In the words of Onyekakeyah, “The fourth and possibly the worst circumstance that could make a giant crawl is self-inflicted injury, in which case only the giant is to blame for his fate. A crawling giant in this context is one that failed to recognise his position in the scheme of things. Rather than rising and occupying his rightful position, this unfortunate giant embarked on a wastage spree of his God-given heritage. The prodigality instinct of this giant on the ground drove him to squander his means and opportunities in reckless spending. And like the story of the prodigal son, it got to a point when he wasted all his inheritance and was in danger of losing his life to destitution. According to the story, it was at that point that he came back to his senses, made a drastic decision to brave the shame and humiliation of a wasted youth to go back home. He was lucky that the home front was still intact and could still afford him the opportunity to return. I want to stress that it's not all prodigal sons that have the opportunity for a second chance. Many prodigal sons that misused the opportunities of their lives never have a second chance to start all over again. They perish in their foolishness.”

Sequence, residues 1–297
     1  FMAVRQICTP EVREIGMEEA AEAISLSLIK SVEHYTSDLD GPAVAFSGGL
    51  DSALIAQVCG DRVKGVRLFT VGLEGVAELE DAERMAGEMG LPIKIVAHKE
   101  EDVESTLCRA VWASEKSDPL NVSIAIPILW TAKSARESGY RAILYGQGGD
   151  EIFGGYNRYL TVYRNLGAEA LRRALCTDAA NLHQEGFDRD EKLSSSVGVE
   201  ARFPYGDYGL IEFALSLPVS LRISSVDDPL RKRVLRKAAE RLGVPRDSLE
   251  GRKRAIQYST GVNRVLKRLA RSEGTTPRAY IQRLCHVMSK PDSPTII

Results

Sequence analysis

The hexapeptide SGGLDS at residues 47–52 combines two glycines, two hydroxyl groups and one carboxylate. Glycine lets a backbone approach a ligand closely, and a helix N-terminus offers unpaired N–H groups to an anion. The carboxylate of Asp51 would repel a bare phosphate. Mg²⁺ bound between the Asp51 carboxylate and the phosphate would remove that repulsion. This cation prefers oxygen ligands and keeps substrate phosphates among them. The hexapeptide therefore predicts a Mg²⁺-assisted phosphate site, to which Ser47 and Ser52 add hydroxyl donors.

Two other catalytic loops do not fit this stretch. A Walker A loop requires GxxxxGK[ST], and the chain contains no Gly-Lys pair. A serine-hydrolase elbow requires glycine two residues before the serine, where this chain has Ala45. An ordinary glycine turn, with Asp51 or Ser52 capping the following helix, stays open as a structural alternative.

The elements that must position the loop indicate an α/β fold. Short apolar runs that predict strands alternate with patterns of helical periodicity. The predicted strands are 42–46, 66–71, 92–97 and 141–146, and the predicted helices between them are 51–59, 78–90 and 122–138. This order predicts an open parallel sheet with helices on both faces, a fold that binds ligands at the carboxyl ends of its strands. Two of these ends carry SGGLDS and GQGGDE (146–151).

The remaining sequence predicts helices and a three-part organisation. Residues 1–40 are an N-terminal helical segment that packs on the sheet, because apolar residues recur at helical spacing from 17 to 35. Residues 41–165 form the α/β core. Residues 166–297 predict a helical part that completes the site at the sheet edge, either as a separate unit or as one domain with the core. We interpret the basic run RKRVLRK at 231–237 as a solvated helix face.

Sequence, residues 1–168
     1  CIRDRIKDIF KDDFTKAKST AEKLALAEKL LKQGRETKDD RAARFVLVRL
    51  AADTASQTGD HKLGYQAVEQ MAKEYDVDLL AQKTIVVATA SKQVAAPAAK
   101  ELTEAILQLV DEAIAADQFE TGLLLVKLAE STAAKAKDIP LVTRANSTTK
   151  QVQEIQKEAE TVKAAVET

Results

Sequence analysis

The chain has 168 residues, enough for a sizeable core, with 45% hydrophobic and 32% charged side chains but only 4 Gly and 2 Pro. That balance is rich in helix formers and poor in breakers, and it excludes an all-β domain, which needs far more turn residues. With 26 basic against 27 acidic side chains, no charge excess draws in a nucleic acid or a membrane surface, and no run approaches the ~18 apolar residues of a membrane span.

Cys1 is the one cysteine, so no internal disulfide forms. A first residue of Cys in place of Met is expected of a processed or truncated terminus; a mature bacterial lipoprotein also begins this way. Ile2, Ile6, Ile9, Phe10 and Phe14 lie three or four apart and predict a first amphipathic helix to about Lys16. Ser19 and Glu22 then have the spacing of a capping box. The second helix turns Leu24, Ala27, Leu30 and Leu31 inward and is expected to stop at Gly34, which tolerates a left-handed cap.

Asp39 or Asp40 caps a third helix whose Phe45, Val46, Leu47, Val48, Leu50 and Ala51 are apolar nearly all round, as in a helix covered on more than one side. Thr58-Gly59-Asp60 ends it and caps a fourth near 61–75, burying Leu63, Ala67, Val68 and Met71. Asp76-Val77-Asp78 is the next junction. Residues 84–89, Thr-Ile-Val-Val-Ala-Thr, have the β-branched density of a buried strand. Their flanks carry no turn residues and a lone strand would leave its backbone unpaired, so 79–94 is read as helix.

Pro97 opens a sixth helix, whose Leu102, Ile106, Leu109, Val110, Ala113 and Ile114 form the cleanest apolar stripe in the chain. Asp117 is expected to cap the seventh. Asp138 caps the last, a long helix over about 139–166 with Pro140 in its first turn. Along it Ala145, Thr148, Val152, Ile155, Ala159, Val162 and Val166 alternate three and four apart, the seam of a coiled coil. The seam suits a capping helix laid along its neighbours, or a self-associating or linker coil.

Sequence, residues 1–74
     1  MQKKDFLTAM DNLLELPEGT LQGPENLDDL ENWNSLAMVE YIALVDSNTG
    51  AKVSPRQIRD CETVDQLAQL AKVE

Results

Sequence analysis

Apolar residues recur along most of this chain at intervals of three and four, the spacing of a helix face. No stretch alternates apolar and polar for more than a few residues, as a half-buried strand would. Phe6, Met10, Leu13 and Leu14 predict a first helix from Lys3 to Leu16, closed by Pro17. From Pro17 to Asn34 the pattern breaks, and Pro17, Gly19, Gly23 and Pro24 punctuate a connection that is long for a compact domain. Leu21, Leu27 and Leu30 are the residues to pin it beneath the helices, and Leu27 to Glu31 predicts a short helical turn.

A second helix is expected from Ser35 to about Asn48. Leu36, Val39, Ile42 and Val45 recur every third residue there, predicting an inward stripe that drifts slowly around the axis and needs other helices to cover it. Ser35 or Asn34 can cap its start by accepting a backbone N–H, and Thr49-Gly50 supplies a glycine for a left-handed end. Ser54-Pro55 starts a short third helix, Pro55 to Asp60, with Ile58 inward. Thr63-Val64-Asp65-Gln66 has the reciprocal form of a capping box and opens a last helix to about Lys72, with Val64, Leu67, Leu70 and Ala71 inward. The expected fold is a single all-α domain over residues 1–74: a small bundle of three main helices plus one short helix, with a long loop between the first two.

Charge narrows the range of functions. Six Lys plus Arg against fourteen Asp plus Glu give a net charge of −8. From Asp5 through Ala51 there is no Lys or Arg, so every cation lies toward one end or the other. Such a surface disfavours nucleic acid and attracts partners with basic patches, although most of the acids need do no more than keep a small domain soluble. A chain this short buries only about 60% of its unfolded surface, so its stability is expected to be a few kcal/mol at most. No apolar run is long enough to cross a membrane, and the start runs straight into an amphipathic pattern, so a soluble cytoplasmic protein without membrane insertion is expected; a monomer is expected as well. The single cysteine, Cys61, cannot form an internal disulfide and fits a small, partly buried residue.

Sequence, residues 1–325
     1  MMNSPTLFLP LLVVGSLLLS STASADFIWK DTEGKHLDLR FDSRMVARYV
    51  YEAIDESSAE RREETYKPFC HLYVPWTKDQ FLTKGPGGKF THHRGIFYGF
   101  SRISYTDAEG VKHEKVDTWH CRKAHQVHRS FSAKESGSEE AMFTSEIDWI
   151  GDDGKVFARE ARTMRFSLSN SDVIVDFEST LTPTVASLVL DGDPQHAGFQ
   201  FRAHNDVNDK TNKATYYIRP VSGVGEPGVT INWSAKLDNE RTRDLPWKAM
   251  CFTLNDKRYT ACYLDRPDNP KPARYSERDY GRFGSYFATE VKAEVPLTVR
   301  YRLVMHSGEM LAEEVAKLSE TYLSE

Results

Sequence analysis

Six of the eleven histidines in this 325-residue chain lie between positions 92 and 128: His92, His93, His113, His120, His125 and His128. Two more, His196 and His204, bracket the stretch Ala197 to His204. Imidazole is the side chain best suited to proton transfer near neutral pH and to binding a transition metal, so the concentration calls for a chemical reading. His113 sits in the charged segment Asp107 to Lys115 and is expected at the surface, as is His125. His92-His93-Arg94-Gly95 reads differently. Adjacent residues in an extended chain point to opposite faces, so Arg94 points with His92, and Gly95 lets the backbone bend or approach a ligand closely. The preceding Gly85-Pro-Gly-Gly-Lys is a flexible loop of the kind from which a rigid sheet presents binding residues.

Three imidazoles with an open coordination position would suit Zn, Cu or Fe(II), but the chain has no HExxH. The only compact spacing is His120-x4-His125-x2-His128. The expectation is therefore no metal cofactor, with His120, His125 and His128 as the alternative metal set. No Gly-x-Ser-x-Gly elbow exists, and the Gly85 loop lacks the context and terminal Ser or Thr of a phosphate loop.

According to the writer and columnist, “Nigeria is a crawling giant on account of deadly injuries it has inflicted on herself. Where do we go from here? The country should retrace its steps as the only way out.